Custody in Hawaii
In Hawaii and in other jurisdictions there are two types of Hawaii child custody: legal custody and physical custody.
Hawaii Legal Custody
Legal custody is a term which describes which parent has the authority to make major legal decisions on behalf of a child. Legal decisions include choice of religion, school, where a child resides, obtaining a drivers license, consent to join the military or consent to marry before age 18. Parents can agree to share joint legal custody or the Family Court may order joint legal custody.
The court may award joint legal custody without awarding joint physical custody. Joint legal custody requires a high level of communication and functional parents. In general, joint legal custody is ordered if the parents agree on this option, but it may be ordered over the objection of either parent if there is evidence that the non-custodial parent is being excluded from a child’s life.
Hawaii Physical Custody
Physical custody depends on the primary residence of a child. There are three types of physical custody: sole physical custody, joint physical custody and split custody.
Sole physical custody is primary physical custody. Time is not split equally. A child lives with one parent more than 50% of the time. Sole physical custody is the most common type of custody. It often occurs with younger children who are pre-school age or younger or with older children where a child lives with the custodial parent during the academic week for stability. An award of sole physical custody to a parent is subject to the right of the other parent to reasonable visitation. Visitation is now often referred to as “time-sharing”. Parents are encouraged to craft a time-sharing schedule that maximizes the time a child can spend with each parent depending on the parents’ schedules and the child’s academic schedule, extracurricular activities, lessons and weekend activities.
The second type of physical custody is joint physical custody. With joint physical custody, the timeshare plan is essentially equal. Depending on the age of the child, parents can alternate weekly or craft a customized schedule.
Split custody is rare. The court would need to see a compelling justification to split the primary residence of siblings. Typically, split custody occurs in rare circumstances where the children have a significant difference in age or have bonded to different parents to a significant degree.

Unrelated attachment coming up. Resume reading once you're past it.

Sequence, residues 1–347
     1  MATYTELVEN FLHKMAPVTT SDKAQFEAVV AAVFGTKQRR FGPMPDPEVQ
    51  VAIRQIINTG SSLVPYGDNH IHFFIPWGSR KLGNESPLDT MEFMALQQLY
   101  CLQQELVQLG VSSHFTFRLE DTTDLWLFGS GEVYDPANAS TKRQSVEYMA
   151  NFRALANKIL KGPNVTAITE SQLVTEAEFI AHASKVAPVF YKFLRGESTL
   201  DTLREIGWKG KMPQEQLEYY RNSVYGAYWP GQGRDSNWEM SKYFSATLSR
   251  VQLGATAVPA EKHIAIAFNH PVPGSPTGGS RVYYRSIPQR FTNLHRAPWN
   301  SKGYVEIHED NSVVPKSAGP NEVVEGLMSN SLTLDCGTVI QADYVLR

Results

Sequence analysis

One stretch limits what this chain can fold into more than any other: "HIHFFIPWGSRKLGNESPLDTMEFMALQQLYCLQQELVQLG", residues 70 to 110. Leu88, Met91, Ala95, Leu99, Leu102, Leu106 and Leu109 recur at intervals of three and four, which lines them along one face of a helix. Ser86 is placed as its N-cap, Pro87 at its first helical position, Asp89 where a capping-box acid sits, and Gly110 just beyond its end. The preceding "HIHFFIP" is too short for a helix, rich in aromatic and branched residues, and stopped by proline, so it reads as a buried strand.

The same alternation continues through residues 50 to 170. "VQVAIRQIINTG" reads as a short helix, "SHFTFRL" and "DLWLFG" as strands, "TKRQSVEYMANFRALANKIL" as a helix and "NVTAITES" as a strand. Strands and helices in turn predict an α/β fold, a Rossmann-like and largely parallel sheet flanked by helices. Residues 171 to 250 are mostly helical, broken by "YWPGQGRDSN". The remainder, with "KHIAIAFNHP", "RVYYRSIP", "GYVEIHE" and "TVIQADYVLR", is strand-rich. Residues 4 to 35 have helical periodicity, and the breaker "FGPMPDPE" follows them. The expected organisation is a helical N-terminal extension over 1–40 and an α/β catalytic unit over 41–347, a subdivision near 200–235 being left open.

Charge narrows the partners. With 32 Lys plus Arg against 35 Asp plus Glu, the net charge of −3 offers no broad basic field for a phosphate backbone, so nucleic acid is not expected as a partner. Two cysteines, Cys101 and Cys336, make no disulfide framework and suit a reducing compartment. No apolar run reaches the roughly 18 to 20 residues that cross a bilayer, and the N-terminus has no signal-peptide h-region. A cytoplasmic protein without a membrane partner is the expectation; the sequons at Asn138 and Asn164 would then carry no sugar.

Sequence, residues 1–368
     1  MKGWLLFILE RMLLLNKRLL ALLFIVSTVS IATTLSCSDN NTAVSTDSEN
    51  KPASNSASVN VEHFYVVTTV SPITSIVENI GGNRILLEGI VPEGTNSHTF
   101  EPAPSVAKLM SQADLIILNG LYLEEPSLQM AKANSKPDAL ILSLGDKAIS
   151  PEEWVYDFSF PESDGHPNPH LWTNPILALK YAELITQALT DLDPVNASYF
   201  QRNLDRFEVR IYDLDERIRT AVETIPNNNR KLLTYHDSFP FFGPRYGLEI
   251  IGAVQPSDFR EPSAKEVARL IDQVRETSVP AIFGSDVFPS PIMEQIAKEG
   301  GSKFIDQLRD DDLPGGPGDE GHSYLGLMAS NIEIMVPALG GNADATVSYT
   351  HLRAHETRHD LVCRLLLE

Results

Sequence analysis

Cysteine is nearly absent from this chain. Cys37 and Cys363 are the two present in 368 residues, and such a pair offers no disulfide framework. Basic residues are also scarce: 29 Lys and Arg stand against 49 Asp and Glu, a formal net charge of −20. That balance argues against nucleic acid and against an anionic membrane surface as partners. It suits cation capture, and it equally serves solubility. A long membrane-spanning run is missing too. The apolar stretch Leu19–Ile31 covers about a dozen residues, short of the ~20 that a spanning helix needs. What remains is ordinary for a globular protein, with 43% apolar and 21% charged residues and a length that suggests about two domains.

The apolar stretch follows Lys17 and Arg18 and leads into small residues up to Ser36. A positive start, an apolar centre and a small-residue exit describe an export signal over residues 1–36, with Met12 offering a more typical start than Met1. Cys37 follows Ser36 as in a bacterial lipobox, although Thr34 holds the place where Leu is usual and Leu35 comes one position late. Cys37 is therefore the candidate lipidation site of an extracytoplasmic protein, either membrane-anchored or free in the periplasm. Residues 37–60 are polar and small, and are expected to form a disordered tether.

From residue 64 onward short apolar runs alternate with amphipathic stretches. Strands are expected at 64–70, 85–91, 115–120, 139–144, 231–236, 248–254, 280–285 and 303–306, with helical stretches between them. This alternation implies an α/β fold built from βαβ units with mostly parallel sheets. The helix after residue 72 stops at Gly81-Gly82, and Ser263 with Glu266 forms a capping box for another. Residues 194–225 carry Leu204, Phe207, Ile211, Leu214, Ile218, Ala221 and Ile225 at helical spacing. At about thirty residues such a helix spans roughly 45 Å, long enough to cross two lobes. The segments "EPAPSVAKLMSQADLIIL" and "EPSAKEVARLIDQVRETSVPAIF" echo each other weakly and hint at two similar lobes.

Visitation or Time Sharing
The term “visitation” refers to the time a child spends with the parent who does not have sole physical custody. Time-sharing is the modern equivalent of the term “visitation”. The noncustodial parent is said to have a right of reasonable visitation. In fact, it is a child’s right to have meaningful time-sharing and access to the noncustodial parent. Children in joint custody time-sharing arrangements do better psychologically and developmentally than children in sole custody situations. There are no financial conditions to the access of either parent to a child. Access and visitation is not conditioned upon payment of child support.
How Hawaii Custody is Determined
Divorcing parents in Hawaii are required to attend the Family Court’s Kids First program. At Kids First, judges, attorneys, custody evaluators and social workers stress the advantages of parents taking control of their own custody and timesharing decision. Kids are damaged in high conflict divorce and custody battles.
Of course not all parents succeed in settling custody disputes without court intervention. In those cases, the Family Court may appoint a custody evaluator to conduct an investigation and write a report to assist the court in making a custody determination.
Custody can be awarded to either parent or to both parents jointly if that is what is in the best interest of the child. If a child is of sufficient age and capacity to reason (age 14), the court may take into consideration the child’s wishes. A child will not testify in a custody proceeding or be asked to choose between parents. Instead children may be interviewed by a custody evaluator who may include the child’s wishes in the written Report to the Court.
The Family Court can modify or change an existing custody or time-sharing order if the court feels it is in the best interest of the child and there’s been a material change in circumstances since the last custody order. If the court makes a determination that a parent is a perpetrator of family violence, it raises a rebuttable presumption that it is detrimental to a child and not in the child’s best interest to be placed in the custody of the perpetrator.
The Hawaii Legislature amended the Hawaii custody statute by including a list of factors that the court must consider in determining what is in the best interests of a child.
Custody issues arise not only in divorce cases but also in paternity cases where the parents are not married and in guardianship cases.
Good parents work hard to reach an agreement to co-parent. Marriages may end. The relationship out of which a child is born may end, but parenting is forever. Attorneys who practice family law have not just a duty to their client but also to minimize the impact the divorce or custody dispute has on an innocent child. For that reason most skilled family law attorneys encourage alternative dispute resolution (ADR) which can be Mediation or Parent Counseling to craft a responsible Parenting Plan to present to the Court.
Litigation is extreme. It is the last resort. Intensive custody litigation is costly and not just financially. The end result of custody litigation can result in the complete destruction of a parenting relationship. That’s not fair to kids or parents.